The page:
StatsSA has published the latest GDP data for South Africa, showing that the country’s economy grew by 2.2% in the three months through September compared with a revised 0.4% contraction in the prior quarter.
According to the stats body, the economic growth in the third quarter was largely driven by the manufacturing, transport and finance industries.
The primary sector contracted by 5.4% in Q3:2018, driven by decreased mining production in platinum group metals, iron ore, gold, copper and nickel. Agriculture was up by 6.5%.
The secondary sector grew by 4.5%, largely driven by manufacturing in basic iron and steel, metal products and machinery; petroleum and chemicals; wood and paper; and motor vehicles.
Manufacturing grew by 7.5% quarter on quarter, contributing 0.9 percentage points to the quarterly growth.
The tertiary sector, meanwhile, grew by 2.6%, with stronger wholesale and retail trade, and increased activity in freight transport.
The rand gained against the major currencies:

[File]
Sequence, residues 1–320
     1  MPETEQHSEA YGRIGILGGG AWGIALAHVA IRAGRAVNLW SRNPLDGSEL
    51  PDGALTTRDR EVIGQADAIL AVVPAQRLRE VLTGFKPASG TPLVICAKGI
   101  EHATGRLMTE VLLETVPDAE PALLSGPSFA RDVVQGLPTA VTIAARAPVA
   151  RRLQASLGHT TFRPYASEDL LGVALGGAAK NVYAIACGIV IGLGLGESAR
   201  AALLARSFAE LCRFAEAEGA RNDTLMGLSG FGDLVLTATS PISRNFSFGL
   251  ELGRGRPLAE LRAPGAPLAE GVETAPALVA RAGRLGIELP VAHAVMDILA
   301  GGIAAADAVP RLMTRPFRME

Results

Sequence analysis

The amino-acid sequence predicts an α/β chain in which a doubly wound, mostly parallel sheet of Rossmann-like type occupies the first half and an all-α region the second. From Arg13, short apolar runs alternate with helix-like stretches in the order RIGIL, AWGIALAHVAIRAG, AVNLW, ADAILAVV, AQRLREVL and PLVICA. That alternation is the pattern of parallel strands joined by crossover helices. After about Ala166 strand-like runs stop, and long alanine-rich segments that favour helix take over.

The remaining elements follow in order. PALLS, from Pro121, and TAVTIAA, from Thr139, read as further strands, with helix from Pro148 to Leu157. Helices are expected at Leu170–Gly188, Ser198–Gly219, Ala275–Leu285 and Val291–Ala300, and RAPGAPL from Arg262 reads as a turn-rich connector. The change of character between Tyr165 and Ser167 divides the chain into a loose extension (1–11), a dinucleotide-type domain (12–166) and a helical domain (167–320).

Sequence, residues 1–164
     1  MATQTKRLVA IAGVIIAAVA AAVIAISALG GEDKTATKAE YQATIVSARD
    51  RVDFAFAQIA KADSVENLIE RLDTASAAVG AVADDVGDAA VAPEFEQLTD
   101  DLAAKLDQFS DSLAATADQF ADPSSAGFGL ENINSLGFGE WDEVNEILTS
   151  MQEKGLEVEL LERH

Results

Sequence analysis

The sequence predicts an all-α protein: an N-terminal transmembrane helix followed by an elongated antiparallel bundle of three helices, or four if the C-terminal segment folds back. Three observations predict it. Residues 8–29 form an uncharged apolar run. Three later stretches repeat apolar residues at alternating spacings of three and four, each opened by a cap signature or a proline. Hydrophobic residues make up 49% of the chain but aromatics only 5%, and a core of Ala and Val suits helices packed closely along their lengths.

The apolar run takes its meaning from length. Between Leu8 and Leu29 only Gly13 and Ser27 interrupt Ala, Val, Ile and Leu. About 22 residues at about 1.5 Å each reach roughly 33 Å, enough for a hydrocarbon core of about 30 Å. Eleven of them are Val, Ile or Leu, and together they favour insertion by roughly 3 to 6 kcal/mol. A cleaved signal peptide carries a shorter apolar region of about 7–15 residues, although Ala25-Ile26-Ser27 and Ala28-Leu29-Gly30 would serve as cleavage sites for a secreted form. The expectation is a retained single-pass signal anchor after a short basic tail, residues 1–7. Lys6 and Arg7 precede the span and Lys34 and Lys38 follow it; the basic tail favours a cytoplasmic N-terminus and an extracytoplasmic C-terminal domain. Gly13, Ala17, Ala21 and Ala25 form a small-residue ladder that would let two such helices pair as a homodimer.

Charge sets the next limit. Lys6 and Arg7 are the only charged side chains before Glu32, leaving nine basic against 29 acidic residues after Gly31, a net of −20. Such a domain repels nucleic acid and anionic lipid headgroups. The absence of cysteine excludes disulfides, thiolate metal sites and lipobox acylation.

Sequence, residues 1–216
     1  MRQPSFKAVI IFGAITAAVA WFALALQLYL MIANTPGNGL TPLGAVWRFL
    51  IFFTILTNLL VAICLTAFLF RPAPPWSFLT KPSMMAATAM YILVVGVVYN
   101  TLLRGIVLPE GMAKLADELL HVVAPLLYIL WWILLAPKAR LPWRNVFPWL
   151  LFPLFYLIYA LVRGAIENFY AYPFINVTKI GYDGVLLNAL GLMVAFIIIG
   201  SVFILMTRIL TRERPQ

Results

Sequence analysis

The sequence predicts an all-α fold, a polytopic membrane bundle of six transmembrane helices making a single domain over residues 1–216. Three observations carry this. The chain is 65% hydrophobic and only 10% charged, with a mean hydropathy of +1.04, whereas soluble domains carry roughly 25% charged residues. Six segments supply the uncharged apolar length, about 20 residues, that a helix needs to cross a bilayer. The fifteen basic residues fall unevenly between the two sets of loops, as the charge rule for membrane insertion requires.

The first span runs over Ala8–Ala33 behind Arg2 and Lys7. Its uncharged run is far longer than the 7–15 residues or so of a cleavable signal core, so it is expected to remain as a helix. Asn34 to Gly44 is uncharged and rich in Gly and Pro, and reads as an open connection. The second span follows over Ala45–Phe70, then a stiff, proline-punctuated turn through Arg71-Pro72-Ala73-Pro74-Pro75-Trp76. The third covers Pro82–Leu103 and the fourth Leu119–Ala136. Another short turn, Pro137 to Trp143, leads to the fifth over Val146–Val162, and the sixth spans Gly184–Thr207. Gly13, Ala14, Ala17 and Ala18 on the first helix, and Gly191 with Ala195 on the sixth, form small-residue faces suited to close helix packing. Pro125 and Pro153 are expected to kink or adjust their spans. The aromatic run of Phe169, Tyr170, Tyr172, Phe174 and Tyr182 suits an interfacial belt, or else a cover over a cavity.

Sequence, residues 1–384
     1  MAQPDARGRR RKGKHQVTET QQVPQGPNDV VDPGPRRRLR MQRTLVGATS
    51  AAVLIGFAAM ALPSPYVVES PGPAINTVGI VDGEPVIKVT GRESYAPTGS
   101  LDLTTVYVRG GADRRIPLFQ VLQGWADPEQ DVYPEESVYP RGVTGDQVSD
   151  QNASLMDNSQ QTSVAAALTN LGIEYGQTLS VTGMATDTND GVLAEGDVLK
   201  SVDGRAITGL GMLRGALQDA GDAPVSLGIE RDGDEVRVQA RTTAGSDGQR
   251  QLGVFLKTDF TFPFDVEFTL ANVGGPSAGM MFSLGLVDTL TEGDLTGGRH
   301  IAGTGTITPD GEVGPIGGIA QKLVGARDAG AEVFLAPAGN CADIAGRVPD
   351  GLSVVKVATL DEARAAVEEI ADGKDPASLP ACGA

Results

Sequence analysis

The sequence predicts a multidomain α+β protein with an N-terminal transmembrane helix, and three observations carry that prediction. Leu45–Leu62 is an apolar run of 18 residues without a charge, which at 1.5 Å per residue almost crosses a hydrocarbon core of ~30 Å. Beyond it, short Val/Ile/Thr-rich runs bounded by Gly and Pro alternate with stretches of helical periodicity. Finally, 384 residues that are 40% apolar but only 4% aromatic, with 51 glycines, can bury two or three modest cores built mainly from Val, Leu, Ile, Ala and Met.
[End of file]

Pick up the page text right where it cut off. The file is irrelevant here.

- Dollar/Rand: R13.55 (-1.08%)
- Pound/Rand: R17.35 (-0.35%)
- Euro/Rand: R15.46 (-0.57%)
Nominal GDP estimated at R1.27 trillion for Q3: 2018, R40 billion more than in Q2: 2018.
Better than expected
The GDP data reflects what many economists expected in the week leading up to the announcement, with the projection being that South Africa would lift itself out of the recession that settled in earlier in the year.
However the final results were higher than most targets, with analysts expecting quarterly economic growth of approximately 1.5%.
A Bloomberg survey of economists showed a projection of GDP expanding by 1.9% from the previous three months.
This marks South Africa exiting a technical recession, and the first proper recession since 2009.
Updates to GDP data published in March 2018 showed what was assumed to be the previous recession – at the end of 2016 and start of 2017 – didn’t happen.
Some economists believe that there is a chance that the 2018 recession may also be “revised away” in future updates.
Despite the positive quarterly growth, however, the GDP forecast for the year is still muted at around 0.7% compared to 2017.
This article was sourced from BusinessTech; for the original article, click here.